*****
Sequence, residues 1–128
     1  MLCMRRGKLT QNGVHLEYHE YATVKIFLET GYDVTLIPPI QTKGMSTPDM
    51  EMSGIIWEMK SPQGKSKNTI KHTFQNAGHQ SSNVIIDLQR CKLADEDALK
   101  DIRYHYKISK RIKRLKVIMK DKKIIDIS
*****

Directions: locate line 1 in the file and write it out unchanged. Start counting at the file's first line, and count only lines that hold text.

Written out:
Sequence, residues 1–128